This weekend, I did the GMTK Game Jame. It's a 48 hour event where people make games matching a theme. This year's theme was "Joined Together". I made a game called "Cold Weld". I used the little Unity tool I've been tinkering with that I just wrote a post about, voxul.
If you like it and you're reading this before the 21st of June 2021, you can vote on this game here. If you didn't like it, er... forget that last sentence. Play it below:
Utilitarianism is an ethical system based upon maximising or minimising some utility function. A utility function, in this sense, is some operation on a set of information that produces a value. In other words, it is a function that makes statements like "state
A of the universe is less desirable than state
B". In conversations around human ethics, this utilitarian utility function is often vaguely expressed in terms of "well-being" or "happiness". On occasion, I've been called a utilitarian because of my discussions of heuristics, ethical systems as any systems which rank the future, and "maximizing" or "minimizing" things, but I'm not quite sure I understand what it means to be one.
It seems to me that all ethical systems contain utility functions, by their very nature of being information systems which rank future states of the universe. Someone driven by a religious ethical system might take their utility function from an ancient holy text. Someone driven by egoism centers their utility function entirely on their own pleasures and desires. A nihilist may choose to implement an entirely random utility function. All of these ethical choices are driven by some concept of utility. What then distinguishes these systems from the label of utilitarianism?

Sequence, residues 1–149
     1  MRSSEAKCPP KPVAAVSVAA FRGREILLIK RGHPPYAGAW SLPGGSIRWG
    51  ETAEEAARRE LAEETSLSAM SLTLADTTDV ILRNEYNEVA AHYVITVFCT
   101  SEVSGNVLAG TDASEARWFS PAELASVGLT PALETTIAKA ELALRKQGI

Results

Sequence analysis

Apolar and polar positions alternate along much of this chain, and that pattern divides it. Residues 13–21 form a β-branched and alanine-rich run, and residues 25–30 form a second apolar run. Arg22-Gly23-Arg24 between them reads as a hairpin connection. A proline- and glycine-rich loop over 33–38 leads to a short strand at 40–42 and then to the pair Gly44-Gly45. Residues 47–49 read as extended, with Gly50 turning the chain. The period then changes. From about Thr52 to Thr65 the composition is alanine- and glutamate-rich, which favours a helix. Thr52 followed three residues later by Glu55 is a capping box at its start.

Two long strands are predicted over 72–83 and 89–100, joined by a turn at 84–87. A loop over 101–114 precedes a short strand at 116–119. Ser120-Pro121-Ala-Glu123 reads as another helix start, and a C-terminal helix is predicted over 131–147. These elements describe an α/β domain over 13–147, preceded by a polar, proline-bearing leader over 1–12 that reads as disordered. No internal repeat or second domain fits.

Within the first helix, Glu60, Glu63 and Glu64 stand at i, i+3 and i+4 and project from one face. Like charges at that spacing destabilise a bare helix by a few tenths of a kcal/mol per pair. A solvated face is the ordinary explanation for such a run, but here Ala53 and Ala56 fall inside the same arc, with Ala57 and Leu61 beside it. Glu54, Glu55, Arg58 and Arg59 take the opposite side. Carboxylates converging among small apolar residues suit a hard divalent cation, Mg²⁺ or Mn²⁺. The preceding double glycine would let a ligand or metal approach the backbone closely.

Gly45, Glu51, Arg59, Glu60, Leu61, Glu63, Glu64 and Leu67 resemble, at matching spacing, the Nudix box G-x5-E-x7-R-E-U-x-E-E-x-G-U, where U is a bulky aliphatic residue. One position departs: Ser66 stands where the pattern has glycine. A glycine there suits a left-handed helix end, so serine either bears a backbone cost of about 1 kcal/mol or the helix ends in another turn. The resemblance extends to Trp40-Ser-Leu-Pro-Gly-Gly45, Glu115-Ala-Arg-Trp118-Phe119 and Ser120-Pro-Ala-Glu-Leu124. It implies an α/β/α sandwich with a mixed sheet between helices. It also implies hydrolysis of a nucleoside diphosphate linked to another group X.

Introducing voxul, a voxel system and editor tool for Unity 3D. Use it to build voxel meshes, objects and levels.
The best way to demonstrate this tool is through showing its use. Unfortunately, I'm a much worse voxel artist than I am a tools programmer, and so the demonstration is but a shadow of its potential in my hands. I'd love to get it in the hands of someone a little more artistically talented and get some feedback. This is open source, and there is still plenty of optimization, polish and work to be done.
How Would Aliens Know A Dog Isn't A Robot?
An alien civilization is testing out their magical matter transporter, which is able to transport random sections of the universe into their lab. One day while testing, they press the button and a dog from Earth appears in the transporter in front of them. The aliens are shocked and overjoyed. This is by far the most interesting thing to ever come out of their transporter. But due to the random nature of the technology, they cannot keep transporting bits of the Earth to them to learn more. All they have is a 6-year old golden retriever named Charlie.
Occasionally, I read LessWrong. People on LessWrong often describe themselves as "rationalists". It's a little tricky to pin the term down beyond "users of LW", though many have tried. I won't try to define a community that I don't identify with and that isn't the point of this post. I wouldn't describe myself as a rationalist for reasons that should be obvious if you read more of my writing, though to be honest if you did ask me what intellectual labels I identify with I'd probably just say "dumbass". Rather, I'd like to examine what I think is the community's overuse of parable as a deceptively irrational rhetorical tool for explaining epistemic and empirical concepts.
A parable is a story meant to convey some sort of lesson to the reader. Many religions and schools of philosophical thought are packed with parables meant to convey moral or logical ideas. It is, quite evidently, a fantastic way to get people to think about a certain thing and to retain their interest. It's also, unfortunately, a deeply flawed one if our intention is truly for the reader to rationally and objectively evaluate our ideas.